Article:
Scooby Doo! Camp Scare (2010) FILM REVIEW
In this straight to video Scooby Doo animated feature, Scooby and the gang become Councilors at Fred’s childhood camping ground Camp Little Moose! However, spooky things are happening, as it turns out that campfire stories being told are coming true, from the axe wielding Woodsman to the sharp toothed Fishman.
Based on this entry’s premise, and the fact that camping was a BIG part of my growing up, I had always expressed interest in this Scooby Doo movie. Luckily, I wasn’t disappointed, as this is one of the stronger films in the franchise; keep in mind though, I’ve not seen THAT many movies from this feature series.
The Camp itself may be intentionally cruddy for comedic purposes, but it’s woodland environment inspires many beautiful backgrounds. I also had a good time watching the Mystery Inc gang simply chilling out and doing casual camping activities. The Sunny skies, gorgeous landscapes, and relatable traditions really made for a nice atmosphere before things got creepy.
Although, It does bug me that Fred was still willing to go ahead with this year’s camp, even though veteran councilors warned him that an axe wielding murder was hanging around. I get that he’s eager to relive nostalgia and teach a new generation, but it’s rather selfish of him to risk these children’s lives in order to do this. I mean, if their parents knew, I’m certain they’d be shockingly appealed by his irresponsibility. On the other hand, the others deserve as much blame for not overpowering him.
As for the kids who attend Camp Little Moose, we get three children: Deacon the chubby little nerd, Luke the hyperactive lad, and a moody teen called Trudy. These are very stereotypical characters, for sure, but they still present conflictive obstacles for our councilors! Because each one of them has their own flaw or bad habit that Mystery Inc. can work on. Some of these kids can be a little helpful during the investigation too, especially when we learn that Trudy is a computer wiz kid.
This Scooby Doo film is also willing to risk scaring kids watching, and is known for being one of the darker movies of the series. All of the monsters come across as effectively intimidating for children’s movie threats, and I can imagine them disturbing younger viewers a little.
There are moments where these creatures do pose as legitimate threats, and the film seems to be just at the edge of letting these antagonists commit murder. It helps that they’re all voiced by the super talented Dee Bradley Baker, who always excels at creating strange vocal effects. So Parents, if your kid is very sensitive or easily scared, consider picking a more light hearted Scooby Doo film for them. Braver kids will LOVE these villains though, and are bound to feel grateful that the film was willing to unsettle them at a young age.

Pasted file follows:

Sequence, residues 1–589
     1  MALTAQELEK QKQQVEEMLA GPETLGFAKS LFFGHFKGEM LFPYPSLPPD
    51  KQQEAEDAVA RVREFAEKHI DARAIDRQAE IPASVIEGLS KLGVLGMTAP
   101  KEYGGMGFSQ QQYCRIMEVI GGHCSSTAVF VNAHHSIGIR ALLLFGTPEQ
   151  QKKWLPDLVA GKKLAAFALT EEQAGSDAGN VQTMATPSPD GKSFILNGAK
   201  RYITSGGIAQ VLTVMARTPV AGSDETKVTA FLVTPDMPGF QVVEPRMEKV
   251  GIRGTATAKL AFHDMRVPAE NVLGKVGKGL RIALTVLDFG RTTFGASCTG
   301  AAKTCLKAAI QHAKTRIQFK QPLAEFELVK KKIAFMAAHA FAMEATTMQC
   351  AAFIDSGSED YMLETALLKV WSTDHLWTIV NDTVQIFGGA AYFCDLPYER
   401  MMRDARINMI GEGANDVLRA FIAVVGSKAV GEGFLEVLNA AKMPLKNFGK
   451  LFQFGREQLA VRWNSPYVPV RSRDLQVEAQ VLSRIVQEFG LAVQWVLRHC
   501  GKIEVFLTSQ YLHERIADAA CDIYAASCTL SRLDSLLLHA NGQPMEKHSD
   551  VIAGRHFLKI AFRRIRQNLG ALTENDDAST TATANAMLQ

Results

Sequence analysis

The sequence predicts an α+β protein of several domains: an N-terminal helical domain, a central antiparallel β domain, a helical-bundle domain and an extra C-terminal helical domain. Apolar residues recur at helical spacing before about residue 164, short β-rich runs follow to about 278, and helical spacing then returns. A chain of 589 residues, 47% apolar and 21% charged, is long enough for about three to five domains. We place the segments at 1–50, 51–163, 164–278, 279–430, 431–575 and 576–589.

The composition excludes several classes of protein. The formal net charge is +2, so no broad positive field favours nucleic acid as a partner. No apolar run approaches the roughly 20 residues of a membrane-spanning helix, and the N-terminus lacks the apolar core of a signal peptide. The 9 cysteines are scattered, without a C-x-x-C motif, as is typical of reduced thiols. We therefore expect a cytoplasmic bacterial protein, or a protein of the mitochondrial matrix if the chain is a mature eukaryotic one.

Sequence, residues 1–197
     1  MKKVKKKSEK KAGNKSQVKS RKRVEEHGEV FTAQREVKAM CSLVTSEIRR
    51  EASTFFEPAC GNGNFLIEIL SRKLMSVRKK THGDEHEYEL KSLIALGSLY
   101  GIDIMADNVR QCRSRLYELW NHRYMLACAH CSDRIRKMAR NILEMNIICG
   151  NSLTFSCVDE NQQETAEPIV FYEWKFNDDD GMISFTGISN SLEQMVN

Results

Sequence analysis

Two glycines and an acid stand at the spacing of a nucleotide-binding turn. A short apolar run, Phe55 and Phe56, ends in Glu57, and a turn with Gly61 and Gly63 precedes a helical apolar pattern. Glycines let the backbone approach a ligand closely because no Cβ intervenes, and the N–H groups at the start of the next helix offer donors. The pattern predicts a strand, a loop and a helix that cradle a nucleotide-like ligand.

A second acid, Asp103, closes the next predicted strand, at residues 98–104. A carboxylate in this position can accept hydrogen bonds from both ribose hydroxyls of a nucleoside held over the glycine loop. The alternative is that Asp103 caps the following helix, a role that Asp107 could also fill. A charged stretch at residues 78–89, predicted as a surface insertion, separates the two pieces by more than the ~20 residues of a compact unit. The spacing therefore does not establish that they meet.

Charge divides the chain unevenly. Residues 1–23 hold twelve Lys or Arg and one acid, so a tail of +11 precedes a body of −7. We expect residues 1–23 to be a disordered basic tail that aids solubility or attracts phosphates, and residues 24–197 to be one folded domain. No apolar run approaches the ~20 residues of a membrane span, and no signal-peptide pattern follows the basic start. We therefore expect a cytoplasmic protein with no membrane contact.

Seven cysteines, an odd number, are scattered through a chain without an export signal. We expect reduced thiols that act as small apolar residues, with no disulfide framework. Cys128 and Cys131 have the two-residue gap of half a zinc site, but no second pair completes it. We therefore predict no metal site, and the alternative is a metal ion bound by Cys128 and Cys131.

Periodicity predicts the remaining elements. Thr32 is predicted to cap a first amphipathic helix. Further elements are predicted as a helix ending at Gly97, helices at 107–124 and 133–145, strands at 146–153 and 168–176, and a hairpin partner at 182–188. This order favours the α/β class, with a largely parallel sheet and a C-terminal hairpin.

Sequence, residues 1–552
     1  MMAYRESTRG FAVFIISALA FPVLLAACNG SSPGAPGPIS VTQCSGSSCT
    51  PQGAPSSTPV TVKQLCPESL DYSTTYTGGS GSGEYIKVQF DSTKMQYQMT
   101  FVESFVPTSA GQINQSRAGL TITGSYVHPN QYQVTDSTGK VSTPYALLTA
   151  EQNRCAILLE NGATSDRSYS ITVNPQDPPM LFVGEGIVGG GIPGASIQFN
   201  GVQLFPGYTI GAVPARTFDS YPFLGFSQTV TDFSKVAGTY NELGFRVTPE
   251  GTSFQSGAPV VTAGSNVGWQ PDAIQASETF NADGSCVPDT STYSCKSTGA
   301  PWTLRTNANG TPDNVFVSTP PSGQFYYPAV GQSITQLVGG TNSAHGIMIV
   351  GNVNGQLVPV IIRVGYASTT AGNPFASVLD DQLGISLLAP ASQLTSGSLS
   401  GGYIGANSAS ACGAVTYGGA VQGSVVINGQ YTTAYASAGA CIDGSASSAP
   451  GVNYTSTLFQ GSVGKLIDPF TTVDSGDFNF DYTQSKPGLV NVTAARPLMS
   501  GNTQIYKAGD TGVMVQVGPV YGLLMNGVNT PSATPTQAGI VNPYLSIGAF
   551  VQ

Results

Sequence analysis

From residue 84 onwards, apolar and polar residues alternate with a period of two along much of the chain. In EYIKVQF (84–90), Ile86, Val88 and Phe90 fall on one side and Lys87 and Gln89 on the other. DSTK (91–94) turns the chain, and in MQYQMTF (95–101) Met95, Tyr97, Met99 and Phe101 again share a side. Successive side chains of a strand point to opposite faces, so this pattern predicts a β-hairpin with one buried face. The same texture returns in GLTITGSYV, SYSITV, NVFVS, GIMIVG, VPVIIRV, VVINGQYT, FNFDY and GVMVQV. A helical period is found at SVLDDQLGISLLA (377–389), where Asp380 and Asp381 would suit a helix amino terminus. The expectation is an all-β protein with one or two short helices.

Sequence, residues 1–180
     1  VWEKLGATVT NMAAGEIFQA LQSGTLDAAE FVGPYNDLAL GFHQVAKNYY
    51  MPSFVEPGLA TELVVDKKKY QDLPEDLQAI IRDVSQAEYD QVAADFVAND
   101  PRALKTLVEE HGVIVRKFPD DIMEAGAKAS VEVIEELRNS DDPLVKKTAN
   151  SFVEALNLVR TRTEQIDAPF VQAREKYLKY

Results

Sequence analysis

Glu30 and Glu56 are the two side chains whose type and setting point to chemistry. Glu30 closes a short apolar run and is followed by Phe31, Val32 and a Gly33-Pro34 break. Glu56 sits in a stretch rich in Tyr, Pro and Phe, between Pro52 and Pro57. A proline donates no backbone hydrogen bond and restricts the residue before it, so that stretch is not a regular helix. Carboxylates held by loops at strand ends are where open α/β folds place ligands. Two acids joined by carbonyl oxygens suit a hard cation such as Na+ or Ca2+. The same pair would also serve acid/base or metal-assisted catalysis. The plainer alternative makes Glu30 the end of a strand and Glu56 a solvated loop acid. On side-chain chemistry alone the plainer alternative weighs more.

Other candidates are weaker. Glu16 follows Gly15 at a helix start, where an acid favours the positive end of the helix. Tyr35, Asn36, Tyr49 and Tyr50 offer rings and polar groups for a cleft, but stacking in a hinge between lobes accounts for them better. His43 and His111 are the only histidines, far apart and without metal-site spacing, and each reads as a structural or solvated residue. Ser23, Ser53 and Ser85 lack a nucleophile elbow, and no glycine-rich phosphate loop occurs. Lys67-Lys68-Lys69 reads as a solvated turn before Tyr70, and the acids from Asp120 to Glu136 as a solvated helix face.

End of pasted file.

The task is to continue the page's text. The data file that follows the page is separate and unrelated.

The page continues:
Not to mention, some encounters with monsters can be thrillingly action packed. Particularly when our heroes come face to face with the Fishman, and they have to become very interactive with the beast! Surprising us with some clever instincts, and a willingness to use combat in an underwater environment. This scene really impressed me, because it demonstrated a more physically confrontational side to Mystery Inc.
The Mystery itself is excitingly interesting, linking it’s roots to local history to build a seedy crime backstory. I’ll admit that I worked out one culprit very quickly, while the other was casually spelled out to us, but it’s still engaging trying to click together their motives & intentions. I have to confess too, there’s a twist towards the end that I did NOT see coming, and I kicked myself when I realised that the clues were there all along.
The Animation might have your usual straight to video standards, but something about it really pops. The thick outlines, refined shading, and effective lighting, make the characters very dimensional. The Animators also bring some dynamic expression to little character movements, which adds to the flair of the art style. Not to mention, there’s extra work being put into explosions or substances. It’s far from theatrical quality, but it’s a decent effort for a cheap production designed for supermarket shelves.
To Conclude, “Scooby Doo! Camp Scare” is a rewardingly fun trip, and a franchise entry that seems to be made with competence & risk. If you’re a fan of the darker Scooby Doo films, then I think you’ll get a lot out of this one, because it’s not afraid to get pretty intimidating for a children’s mystery cartoon. However, it’s still got some writing choices that can make characters look foolish, plus it’s a movie that predictably follows your typical Scooby Doo Formula, so don’t expect something TOO groundbreaking.